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The nation’s first commercial service allowing cellular phones to serve as e-wallets will start in the spring after a trial service using 10,000 monitors that is set for November, telecom carrier KDDI Corp. and five other companies announced Wednesday.

Phones with a small module equipped with an encoding function developed by Woori Technology Inc. of South Korea will be capable of settling payments for both real and virtual shops through users’ accounts at eBank Corp., a Net-based bank in Tokyo, the firms said.

The six participating firms are KDDI Corp., Woori Technology Inc., eBank Corp., Itochu Techno-Science Corp., consulting firm Proseed Corp. and icePAY Japan, a joint venture set up by Woori Technology and Proseed Corp.

After the trial service, the companies plan to launch the commercial service by distributing 1 million units of the modules for the first fiscal year and five million units over three years, the companies said.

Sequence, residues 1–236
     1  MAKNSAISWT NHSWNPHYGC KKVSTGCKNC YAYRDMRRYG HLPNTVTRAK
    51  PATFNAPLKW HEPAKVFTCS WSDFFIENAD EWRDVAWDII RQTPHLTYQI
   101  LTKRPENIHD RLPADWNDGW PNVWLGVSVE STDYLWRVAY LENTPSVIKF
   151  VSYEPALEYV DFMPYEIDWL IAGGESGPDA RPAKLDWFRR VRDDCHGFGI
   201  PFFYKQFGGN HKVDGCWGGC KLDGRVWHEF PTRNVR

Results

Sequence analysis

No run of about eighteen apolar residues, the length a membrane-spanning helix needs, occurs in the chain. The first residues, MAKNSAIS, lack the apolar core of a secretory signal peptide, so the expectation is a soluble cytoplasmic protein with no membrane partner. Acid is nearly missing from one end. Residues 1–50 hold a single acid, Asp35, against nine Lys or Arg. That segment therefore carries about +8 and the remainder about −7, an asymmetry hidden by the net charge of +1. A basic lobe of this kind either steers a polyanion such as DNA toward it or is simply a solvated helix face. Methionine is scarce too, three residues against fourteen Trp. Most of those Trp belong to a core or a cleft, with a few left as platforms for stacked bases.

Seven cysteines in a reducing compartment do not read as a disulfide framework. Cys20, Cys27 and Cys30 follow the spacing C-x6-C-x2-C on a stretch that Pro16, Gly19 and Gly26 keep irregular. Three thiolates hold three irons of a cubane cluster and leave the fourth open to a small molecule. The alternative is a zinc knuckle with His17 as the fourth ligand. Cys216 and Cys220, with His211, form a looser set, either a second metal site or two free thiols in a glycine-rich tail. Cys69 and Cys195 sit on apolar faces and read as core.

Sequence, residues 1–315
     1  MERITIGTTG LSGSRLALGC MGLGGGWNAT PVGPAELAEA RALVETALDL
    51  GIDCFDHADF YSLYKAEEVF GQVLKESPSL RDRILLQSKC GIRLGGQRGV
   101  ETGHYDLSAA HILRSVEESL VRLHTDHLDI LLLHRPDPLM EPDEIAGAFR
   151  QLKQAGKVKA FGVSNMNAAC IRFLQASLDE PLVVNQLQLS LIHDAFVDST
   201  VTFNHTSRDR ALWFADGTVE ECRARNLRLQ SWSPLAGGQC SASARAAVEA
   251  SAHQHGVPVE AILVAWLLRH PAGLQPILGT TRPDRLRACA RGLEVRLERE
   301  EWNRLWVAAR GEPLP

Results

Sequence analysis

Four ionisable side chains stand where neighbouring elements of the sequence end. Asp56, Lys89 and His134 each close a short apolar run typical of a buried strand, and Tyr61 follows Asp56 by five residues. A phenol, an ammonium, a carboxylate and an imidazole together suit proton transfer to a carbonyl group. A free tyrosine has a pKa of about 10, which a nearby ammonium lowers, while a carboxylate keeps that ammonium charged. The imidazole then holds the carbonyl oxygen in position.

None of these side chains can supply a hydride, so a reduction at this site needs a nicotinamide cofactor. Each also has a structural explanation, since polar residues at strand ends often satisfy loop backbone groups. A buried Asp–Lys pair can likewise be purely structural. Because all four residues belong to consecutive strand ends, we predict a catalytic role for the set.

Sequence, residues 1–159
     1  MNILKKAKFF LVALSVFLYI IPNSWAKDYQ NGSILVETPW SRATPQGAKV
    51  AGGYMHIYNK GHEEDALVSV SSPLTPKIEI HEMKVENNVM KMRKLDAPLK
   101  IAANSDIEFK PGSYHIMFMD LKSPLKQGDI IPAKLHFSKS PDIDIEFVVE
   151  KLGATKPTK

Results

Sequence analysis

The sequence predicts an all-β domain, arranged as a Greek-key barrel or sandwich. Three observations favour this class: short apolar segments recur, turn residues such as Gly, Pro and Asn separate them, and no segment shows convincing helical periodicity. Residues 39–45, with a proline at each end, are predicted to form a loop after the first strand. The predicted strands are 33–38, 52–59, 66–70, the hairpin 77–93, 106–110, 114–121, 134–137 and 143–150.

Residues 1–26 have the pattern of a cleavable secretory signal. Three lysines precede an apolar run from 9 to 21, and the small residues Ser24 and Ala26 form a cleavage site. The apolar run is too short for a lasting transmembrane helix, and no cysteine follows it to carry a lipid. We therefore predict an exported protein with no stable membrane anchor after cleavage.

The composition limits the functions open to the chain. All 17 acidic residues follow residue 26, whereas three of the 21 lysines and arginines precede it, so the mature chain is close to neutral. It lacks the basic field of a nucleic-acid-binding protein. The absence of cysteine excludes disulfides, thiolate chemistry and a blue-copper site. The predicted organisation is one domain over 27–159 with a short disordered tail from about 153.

To settle payment at real shops, customers will remove the module unit and attach it to a mobile phone installed at the shop that accesses an icePAY Japan server.

A clerk will then input the payment amount in the shop’s mobile phone and the customer will approve the transaction by inputting their password.

At a virtual shop, users can settle payments through their own mobile phones and modules, the companies said.

The new settlement service will be compatible with recent models of KDDI’s au mobile phones.

EBank Corp. eventually hopes to offer online money-transfer functions between mobile cellular users through the service, the firms said.

In addition to 5,000 existing monitors, the trial service will accept applications from 5,000 members of the public starting Oct. 1.

For further info, access icePAY Japan’s Web site at www.icepay.co.jp

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